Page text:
We’ve all heard the saying 'Life is about the journey, not the destination.' One of my favourite sayings from Abraham-Hicks is "The joy is in the journey..." But what does it all really mean?
In life there is never truly any destination at all. There is no one place we are trying to reach. Sure we have goals that we want to achieve and experiences we want to have. And even though these things are specific, when we reach them they are merely a new place, a new platform, from which we shoot off new goals, dreams or wants. These platforms aren’t destinations. They’re part of the journey.
Often when we reach these platforms the excitement is short lived. When we are standing in the moment of the manifestation of the goal or experience, we now have new excitement, new preferences and new passions. And these propel us forward, further along our journey. The joy of conjuring up new ideas, and the moments along the way to experiencing them, is what life is really about.
Take marriage as an example. It isn't only about you becoming who you are and attracting a wonderful life partner. It isn't only about growing together as a couple and as individuals as you get to know each other through out your dating time. It isn't only about sharing in moments with your loved ones while planning your wedding and celebrating on your wedding day. And it isn't only about all of the ways in which you and your partner choose to move through your years together as husband and wife. Whether you choose to be parents, grow your careers, create a living space to call a home…
It’s never only about one moment in time. It’s about all of the moments, as they are happening, along the way.
There is only one true destination in life. The present moment, the now. And you are always there whether you’re conscious of it or not.
Don’t expend your life’s time and energy trying to get to someplace. All you have to do is slow down and just be. When you do this you will realize you have already arrived at the most wonderful destination you could imagine. When you are present in your now moments, you truly are enjoying the ride.
The Station - by Robert Hastings
Tucked away in our subconscious minds is an idyllic vision. We see ourselves on a long, long trip that almost spans the continent. We're traveling by passenger train, and out the windows we drink in the passing scene of cars on nearby highways, of children waving at a crossing, of cattle grazing on a distant hillside, of smoke pouring from a power plant, of row upon row of corn and wheat, of flatlands and valleys, of mountains and rolling hills, of biting winter and blazing summer and cavorting spring and docile fall.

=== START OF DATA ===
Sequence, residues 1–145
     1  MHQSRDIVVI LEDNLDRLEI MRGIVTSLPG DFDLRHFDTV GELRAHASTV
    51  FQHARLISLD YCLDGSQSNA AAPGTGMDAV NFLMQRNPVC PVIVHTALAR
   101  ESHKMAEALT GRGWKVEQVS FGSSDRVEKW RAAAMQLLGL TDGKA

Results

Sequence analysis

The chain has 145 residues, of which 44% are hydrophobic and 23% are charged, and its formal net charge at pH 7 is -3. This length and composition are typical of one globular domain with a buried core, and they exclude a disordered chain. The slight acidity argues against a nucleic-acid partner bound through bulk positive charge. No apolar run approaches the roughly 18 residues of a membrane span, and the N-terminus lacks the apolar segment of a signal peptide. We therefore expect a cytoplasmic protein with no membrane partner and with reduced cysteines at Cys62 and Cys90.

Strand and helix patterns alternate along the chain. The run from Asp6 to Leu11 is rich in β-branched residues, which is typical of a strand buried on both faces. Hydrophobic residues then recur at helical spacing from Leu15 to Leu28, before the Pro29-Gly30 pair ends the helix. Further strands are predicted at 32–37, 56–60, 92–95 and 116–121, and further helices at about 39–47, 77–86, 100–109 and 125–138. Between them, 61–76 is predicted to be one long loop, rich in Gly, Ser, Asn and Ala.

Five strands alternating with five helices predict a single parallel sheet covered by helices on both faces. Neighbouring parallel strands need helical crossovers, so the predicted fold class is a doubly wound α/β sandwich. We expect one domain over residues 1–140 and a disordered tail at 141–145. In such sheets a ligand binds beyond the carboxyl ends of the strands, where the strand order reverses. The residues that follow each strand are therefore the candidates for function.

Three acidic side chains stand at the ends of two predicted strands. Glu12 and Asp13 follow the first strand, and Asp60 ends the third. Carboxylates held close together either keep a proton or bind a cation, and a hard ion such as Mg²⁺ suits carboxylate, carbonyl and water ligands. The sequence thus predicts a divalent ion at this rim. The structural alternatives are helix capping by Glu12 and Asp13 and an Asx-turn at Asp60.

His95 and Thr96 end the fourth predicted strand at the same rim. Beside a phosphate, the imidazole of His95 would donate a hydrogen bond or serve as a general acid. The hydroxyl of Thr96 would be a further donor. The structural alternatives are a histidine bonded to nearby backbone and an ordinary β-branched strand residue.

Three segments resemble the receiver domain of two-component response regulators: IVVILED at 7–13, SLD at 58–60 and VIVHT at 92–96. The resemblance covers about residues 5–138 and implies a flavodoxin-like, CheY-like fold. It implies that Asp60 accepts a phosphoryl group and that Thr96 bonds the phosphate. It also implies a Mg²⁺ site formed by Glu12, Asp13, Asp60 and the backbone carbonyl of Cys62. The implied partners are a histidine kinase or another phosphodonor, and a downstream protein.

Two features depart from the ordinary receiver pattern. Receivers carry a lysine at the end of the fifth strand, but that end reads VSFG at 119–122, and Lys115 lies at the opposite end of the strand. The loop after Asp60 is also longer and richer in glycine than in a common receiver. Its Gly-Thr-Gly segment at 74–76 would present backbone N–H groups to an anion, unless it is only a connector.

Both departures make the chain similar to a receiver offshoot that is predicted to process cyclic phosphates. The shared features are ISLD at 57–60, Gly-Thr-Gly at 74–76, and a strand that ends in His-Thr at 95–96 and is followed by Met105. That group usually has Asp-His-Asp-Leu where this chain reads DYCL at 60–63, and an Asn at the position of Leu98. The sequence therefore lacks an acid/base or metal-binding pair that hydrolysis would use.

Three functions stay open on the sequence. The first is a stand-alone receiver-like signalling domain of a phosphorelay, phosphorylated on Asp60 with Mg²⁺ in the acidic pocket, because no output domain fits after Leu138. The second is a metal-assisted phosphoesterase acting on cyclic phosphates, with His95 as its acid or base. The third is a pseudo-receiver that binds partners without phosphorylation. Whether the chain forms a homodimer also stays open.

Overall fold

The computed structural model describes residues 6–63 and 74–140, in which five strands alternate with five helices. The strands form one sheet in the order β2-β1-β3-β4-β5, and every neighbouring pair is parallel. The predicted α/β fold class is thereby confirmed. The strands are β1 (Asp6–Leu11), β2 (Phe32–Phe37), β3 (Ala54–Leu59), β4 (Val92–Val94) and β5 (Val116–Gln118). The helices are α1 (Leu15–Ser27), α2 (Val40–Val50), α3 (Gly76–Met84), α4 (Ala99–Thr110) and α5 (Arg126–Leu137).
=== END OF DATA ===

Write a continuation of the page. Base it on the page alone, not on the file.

But uppermost in our minds is the final destination. On a certain day at a certain hour we will pull into the station. There will be bands playing, and flags waving. And once we get there so many wonderful dreams will come true. So many wishes will be fulfilled and so many pieces of our lives finally will be neatly fitted together like a completed jigsaw puzzle. How restlessly we pace the aisles, damning the minutes for loitering ... waiting, waiting, waiting, for the station.
However, sooner or later we must realize there is no one station, no one place to arrive at once and for all. The true joy of life is the trip. The station is only a dream. It constantly outdistances us.
"When we reach the station, that will be it !" we cry. Translated it means, "When I'm 18, that will be it ! When I buy a new 450 SL Mercedes Benz, that will be it ! When I put the last kid through college, that will be it ! When I have paid off the mortgage, that will be it ! When I win a promotion, that will be it ! When I reach the age of retirement, that will be it ! I shall live happily ever after !"
Unfortunately, once we get it, then it disappears. The station somehow hides itself at the end of an endless track.
"Relish the moment" is a good motto, especially when coupled with Psalm 118:24: "This is the day which the Lord hath made; we will rejoice and be glad in it." It isn't the burdens of today that drive men mad. Rather, it is regret over yesterday or fear of tomorrow. Regret and fear are twin thieves who would rob us of today.
So, stop pacing the aisles and counting the miles. Instead, climb more mountains, eat more ice cream, go barefoot more often, swim more rivers, watch more sunsets, laugh more and cry less. Life must be lived as we go along. The station will come soon enough.
Robert J. Hastings Estate